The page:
In the history of modern Europe we can trace the same close connection between commerce and civilisation. Manufactures, arts and sciences began to flourish in the small republics of Italy in the Middle Ages, when they secured by their favourable position the monopoly of the trade with India and the East. Afterwards, when the discovery of the route to India by the Cape of Good Hope opened up the eastern seas to Portugal, Holland and England, these countries made great progress in civilisation.
At this time Scotland was a poor and backward country torn by internal dissensions, which allowed little time for the cultivation of the arts of peace. By the union she obtained a share in the commerce of England with the Old and New World; and, being thereby enabled to devote to manufactures and trade the energies that had formerly been wasted in savage civil wars, immediately took a high rank among the most progressive nations. If we turn to other continents, we find commerce still acting as the pioneer of civilisation. It is chiefly due to commercial enterprise that America was discovered, and that the great continent of the West, most of which was formerly occupied by savages, came to rival the older civilisation of Europe. In Asia, commerce with Europe has introduced western ideas and western inventions into India and Japan, and has even done something to urge the great empire of China into the path of progress. If we ask how commerce, the ruling principle of which is not benevolence but self-interest, has done so much to ameliorate the condition of mankind all over the world, the question is not very difficult to answer. If a country has no commerce, the inhabitants have to live on the products of the soil, and the rich, having nothing else to do with their wealth, spend it upon bands of warlike retainers, by whose help they engage in war with their rivals.
But when traders introduce the products of distant countries, the wealth of the country can be used in a way more satisfactory to its possessors, who soon acquire a taste for foreign luxury and refinement. In order to have the means of gratifying this taste, they do all they can to utilise the productive powers of their own country, and in this way agriculture is improved and new industries are started, some of which are rendered possible by the importation of foreign materials. Thus it was impossible for England to engage in the manufacture of cotton and silk, until these materials were imported from the distant shores of India and America. When commerce is well established in a country, large fortunes are made and the merchant princes encourage by their patronage every kind of refined luxury.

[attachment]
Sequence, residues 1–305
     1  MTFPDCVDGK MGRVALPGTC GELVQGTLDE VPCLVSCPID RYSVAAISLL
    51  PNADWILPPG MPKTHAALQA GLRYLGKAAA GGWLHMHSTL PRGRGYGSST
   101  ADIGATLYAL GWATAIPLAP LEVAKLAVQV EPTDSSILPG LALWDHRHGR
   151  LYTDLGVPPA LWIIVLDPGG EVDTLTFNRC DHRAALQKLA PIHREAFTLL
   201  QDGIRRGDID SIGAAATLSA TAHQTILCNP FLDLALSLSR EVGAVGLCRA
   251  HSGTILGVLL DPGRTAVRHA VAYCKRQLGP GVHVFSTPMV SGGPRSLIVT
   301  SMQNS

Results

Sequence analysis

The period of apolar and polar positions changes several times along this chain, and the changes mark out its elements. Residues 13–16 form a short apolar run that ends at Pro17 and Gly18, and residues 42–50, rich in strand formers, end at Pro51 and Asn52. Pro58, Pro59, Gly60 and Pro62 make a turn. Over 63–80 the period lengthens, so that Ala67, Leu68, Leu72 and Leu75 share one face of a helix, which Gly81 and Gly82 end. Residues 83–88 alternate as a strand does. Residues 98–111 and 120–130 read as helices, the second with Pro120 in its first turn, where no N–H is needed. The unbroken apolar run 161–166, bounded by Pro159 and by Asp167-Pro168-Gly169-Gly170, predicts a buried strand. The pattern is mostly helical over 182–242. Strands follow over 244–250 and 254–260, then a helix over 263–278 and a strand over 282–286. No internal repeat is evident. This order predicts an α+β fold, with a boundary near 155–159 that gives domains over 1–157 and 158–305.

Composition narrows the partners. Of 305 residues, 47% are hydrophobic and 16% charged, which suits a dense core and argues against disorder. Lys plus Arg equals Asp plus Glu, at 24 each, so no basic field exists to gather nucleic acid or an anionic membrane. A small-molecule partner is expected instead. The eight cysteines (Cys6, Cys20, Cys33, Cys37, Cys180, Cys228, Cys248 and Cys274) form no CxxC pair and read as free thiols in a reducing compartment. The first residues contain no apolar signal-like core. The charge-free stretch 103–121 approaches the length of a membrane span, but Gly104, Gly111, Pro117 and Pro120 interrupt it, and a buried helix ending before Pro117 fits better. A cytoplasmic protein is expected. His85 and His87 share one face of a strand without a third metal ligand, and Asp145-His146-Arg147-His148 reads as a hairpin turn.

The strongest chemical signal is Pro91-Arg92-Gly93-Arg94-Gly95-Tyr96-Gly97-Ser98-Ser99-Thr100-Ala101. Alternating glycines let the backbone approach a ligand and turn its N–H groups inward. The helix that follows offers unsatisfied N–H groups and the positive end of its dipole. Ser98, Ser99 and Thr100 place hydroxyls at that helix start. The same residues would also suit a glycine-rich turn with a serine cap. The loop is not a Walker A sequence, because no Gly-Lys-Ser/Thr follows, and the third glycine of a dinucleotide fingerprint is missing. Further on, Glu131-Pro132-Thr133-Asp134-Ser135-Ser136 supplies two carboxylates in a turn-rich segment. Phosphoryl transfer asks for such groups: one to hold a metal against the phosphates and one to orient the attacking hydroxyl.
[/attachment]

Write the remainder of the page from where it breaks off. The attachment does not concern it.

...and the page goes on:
Some of the members of their families, who have no occasion to work for their living, form a leisure class and devote their energies to literature and science. The progress of knowledge is still further stimulated by the communication of ideas between different parts of the world. English merchants introduce European ideas into India, China, and Japan, and bring back to their native country knowledge of Oriental literature and art. The communication of ideas brought about by international commerce explains to a large extent the rapid progress of modern invention. Gunpowder, printing, and the magnetic compass are said to have been invented in China many centuries before they were known in Europe; but owing to want of intercourse with the outer world, China kept her great inventions to herself and failed to recognise their immense importance. Had the knowledge of these discoveries been rapidly spread over the world by the ships of traders, the course of civilisation would have been greatly accelerated.
In modern times there is, owing to international commerce, such a free intercourse between nation and nation that every new discovery benefits not merely the country of its origin but the whole world. This also leads to new developments of the idea of the original inventor. An invention made by a scientific man in England may be almost immediately improved in quick succession by other clever men in America, France and Germany. In all these ways commerce promotes the cause of civilisation, indirectly by increasing wealth, and more directly by enabling the nations of the world to make full use of the intellectual and material wealth of one another.